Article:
We will see if the ISM Manufacturing Index is the canary in the coal mine because it came in under the consensus reading of 49.9 and returned an actual print of 49. This is showing that of 300 manufacturing firms nationwide, the purchasing managers are seeing a contraction in new orders. We’ve been hearing for a while now that global demand is slowing.
The interesting story that I continue to follow is that as the Fed hikes up rates at unprecedented amounts and as PCE inflation numbers are slowly leveling out and coming down, the new jobless claims remain low. This week we were supposed to see 238k new claims, yet only 225k came in. That number is much lower than last week’s 240k.
Although it may not feel like positive news for those in the tech industry, the overall job market remains strong. If not strong, it’s resilient. I suppose that’s one reason we see volatility lately. When was the last recessionary period when the unemployment rate remained low? Maybe we’re not in new territory, but we are in a unique period of time.
With the jobs report out of the way, we shouldn’t have too many news stories to worry about until the next Fed meeting on December 13th – 14th.
Here are the strongest sectors as of yesterday and for the past week. Healthcare, Basic Materials, Technology, and Communication Services had a good day yesterday as well as a good week and are likely to continue being market leaders heading into next week.
Now let’s look at the charts to identify key levels of support in the market and where we could go from here.
Here’s a chart of QQQ from December last year up until April.
You can see that we almost had a 61.8% retracement but that level failed and we headed lower for most of the summer.
Here’s the latest QQQ chart and once again we’re marching up to the 61.8% retracement level from the August high to the October low. Look for resistance around $304.25. That could signify a major trend reversal (going bearish to bullish) in the tech sector if the QQQs can trade higher than $304.25.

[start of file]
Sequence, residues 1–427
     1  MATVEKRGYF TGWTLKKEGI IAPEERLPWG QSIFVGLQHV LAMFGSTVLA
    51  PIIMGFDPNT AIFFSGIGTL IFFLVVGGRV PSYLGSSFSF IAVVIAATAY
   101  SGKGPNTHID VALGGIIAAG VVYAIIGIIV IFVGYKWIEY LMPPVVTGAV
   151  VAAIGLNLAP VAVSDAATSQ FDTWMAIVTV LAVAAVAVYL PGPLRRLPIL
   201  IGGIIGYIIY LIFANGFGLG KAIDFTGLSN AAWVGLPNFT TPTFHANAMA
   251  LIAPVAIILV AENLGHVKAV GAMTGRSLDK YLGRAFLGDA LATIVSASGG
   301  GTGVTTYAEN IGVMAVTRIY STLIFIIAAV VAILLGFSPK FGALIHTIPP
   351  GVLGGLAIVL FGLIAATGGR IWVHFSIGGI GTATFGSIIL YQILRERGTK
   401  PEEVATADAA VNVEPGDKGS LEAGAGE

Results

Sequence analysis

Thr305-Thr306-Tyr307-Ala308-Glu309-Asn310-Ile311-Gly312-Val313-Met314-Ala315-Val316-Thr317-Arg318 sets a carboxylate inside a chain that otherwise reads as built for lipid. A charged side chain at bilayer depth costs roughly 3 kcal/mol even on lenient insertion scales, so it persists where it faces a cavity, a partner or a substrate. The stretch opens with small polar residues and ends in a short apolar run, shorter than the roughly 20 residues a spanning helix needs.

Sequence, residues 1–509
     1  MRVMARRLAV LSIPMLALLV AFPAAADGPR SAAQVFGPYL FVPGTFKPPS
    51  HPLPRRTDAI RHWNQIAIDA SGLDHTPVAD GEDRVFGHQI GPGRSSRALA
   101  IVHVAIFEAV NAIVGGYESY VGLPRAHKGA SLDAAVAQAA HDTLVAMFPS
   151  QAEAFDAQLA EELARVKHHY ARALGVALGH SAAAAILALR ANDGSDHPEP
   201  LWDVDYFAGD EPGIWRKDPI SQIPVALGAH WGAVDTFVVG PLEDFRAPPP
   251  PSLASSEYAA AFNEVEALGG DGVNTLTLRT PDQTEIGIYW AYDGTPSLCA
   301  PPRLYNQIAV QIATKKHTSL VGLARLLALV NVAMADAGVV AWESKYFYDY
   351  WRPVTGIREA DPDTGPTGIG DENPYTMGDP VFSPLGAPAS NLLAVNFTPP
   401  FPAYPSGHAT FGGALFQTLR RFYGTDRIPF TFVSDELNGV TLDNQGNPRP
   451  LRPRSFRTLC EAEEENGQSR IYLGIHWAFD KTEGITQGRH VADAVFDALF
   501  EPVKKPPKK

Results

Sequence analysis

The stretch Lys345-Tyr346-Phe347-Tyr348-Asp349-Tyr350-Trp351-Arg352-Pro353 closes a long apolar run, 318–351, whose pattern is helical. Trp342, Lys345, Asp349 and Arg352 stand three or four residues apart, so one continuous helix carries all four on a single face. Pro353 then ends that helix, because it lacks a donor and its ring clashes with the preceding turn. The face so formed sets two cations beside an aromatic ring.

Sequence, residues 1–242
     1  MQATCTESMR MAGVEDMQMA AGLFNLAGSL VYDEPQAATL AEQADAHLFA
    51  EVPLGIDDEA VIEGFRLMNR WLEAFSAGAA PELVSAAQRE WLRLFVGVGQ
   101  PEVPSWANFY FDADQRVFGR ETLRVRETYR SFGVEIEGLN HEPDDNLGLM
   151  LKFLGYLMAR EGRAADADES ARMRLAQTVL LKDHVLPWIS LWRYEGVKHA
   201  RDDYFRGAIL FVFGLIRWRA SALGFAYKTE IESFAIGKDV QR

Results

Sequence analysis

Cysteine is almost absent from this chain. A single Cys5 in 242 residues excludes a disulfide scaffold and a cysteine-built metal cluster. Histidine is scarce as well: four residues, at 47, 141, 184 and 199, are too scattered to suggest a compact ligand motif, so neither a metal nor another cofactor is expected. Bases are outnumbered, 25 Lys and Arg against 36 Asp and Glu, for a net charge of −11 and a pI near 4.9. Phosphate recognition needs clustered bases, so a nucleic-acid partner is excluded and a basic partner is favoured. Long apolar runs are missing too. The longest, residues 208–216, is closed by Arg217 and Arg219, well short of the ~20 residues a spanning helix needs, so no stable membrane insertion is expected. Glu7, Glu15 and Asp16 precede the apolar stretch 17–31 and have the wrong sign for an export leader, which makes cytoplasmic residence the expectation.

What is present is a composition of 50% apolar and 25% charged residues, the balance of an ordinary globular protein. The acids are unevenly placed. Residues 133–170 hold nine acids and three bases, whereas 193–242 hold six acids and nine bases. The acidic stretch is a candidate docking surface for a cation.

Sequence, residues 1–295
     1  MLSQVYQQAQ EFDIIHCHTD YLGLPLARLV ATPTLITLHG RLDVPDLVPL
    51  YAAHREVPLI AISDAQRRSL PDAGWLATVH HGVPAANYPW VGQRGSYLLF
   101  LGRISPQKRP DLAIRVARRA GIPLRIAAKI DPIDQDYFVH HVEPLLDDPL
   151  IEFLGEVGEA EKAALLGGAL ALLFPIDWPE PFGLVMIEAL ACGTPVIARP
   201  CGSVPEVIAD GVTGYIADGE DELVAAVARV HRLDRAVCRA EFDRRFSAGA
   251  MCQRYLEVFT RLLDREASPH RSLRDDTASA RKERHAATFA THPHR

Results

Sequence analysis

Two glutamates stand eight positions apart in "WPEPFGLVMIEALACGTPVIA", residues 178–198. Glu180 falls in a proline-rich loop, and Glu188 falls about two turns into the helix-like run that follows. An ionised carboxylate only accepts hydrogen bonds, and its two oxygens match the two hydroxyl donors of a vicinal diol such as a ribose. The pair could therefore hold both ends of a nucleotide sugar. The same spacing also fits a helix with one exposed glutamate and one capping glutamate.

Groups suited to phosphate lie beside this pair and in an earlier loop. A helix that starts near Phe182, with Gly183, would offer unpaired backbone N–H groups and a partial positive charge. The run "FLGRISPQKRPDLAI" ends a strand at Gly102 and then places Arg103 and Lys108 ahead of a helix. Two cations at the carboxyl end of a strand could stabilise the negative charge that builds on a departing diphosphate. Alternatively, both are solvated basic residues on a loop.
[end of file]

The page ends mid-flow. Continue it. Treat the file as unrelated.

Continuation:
Now, let’s look at SPY. Here you can see that SPY did cross over the 61.8% retracement in April, but it failed and reversed. Here we are again, crossing over the 61.8% retracement at the end of November. Are we headed down or can we trade higher with conviction this time around?
The DIA may be the key to saying this time is different than the previous fake-out. Here’s a chart of the DIA over the same time period. Again, it had two attempts earlier in the year to break over the 61.8% retracement and both times failed almost immediately after. Fast forward a few months and the DIA has completely blown through the 61.8% retracement and has had a V-shaped recovery and is now sitting at the August highs.
One last chart. This is the IWM, representing the Russell 2000. Since this index is filled with less-known companies, it is often said to be a gauge of how much risk investors are willing to take.
The April highs never came close to the 61.8% retracement, which was a red flag back then. Now it’s come up and touched the 61.8% retracement at the end of November, but hasn’t broken through.
It doesn’t mean the end of a bear market, but getting all four indices going above a key retracement level on their respective charts could be a sign that the overall trend is changing.
I still think 2023 is going to be a volatile year, but we could be moving in the right direction to start the year off.
Since December is the month of trading patterns, here’s the pick of the day.
Now let’s see if we can ride the Tidewater (TDW) wave. It recently had a blastoff (or impulse) move. Then there was a zig-zag wavy pattern followed by a pullback. If the stock completes the pattern, it could go as high as $40 by February. It doesn’t mean it will go straight up and I’d like to see it continue to trade higher than the 20-period moving average with a couple of consecutive higher highs, but I do like the setup.
Have a great weekend!
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